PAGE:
Crashes injure more people on Dixie Hwy. than other major roads

Crashes injure more people on Dixie Hwy. than other major roads

LOUISVILLE, KY (WAVE) – In a 24 hour period, three deaths occurred on Dixie Highway. The latest victim, Joseph Tobin IV, 29, of Shepherdsville, KY, was killed July 9 in a motorcycle wreck near Kosmosdale. As local and state leaders begin the first phase of a massive project to make the Dixie safer we decided to take a deeper look.

In 2013, seven people were killed on Dixie Highway. But there were nearly 1,400 people involved in crashes on the Dixie last year. That's more than on any of the other four major roads we checked. In those crashes, 275 resulted in an injury - a one out of five ratio.

Compare that to Bardstown Road where nearly the same amount of people crashed but the ratio was one out of 7.3. On Shelbyville Road, the injury to overall collision ratio was lowest - one out of eight. Preston Highway was next highest with a one out of 5.5, but with nearly 500 fewer crashes.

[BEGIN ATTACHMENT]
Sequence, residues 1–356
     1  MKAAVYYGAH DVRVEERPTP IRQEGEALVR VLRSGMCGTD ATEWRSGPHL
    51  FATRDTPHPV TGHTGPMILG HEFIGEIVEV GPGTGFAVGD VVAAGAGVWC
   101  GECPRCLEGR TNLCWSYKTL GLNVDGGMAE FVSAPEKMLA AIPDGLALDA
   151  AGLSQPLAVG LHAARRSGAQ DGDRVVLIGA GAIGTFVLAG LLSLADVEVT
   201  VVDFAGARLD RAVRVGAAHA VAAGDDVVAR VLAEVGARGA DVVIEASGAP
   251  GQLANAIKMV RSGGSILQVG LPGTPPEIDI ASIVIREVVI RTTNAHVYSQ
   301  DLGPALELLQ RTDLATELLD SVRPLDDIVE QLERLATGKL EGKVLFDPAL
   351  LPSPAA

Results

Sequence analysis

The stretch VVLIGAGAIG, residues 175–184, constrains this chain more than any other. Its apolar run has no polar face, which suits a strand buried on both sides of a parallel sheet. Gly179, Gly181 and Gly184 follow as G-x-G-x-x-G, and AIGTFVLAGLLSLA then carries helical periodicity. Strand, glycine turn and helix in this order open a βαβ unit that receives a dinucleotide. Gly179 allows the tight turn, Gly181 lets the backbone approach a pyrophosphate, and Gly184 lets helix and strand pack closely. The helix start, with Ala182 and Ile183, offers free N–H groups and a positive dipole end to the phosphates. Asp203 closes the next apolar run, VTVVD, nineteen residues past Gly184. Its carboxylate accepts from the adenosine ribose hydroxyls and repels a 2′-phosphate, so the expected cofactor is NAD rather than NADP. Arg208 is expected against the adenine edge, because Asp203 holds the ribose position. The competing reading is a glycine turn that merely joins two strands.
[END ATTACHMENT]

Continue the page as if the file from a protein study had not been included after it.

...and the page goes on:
While it's only one year of data, in 2013 of these five busy roads there were more wrecks, more fatalities and more injuries on the Dixie. That's a big reason for the planned changes.

The Dixie Highway Safety Improvement Project, nicknamed the Dixie Do Over, would improve the road from either Oak Street or Broadway all the way to the Gene Snyder Freeway (I-265).

"It [Dixie Highway] is a very dangerous road," said Joel Morrill, project manager for the Corradino Group. "It's not how a roadway would be constructed now from the start."

Morrill went on to say the name "Dixie Dieway" is an appropriate one for the roadway. Asked what the problem with Dixie Highway Morrill said the lanes are too wide and encourages speeding, the sidewalks are too narrow, and there are too many commercial entrances and exits where people need to turn. Those things create a lot of conflict among drivers and also between drivers and pedestrians.

The Dixie Do Over would shrink the lanes by a couple of feet, slowing down cars and adding sidewalk space. It will also add a median in many spots to give pedestrians a safe refuge in the middle of the street. Another thing that will be improved is the markings on the roadway and lighting.

Morrill said in the end it's about safety, but also about improving the appearance of Dixie Highway to attract businesses.

Phase one of the project is in Shively between Rockford Lane and Crums Lane. Construction should start in the spring of 2015.

You can access the database we used by clicking here.

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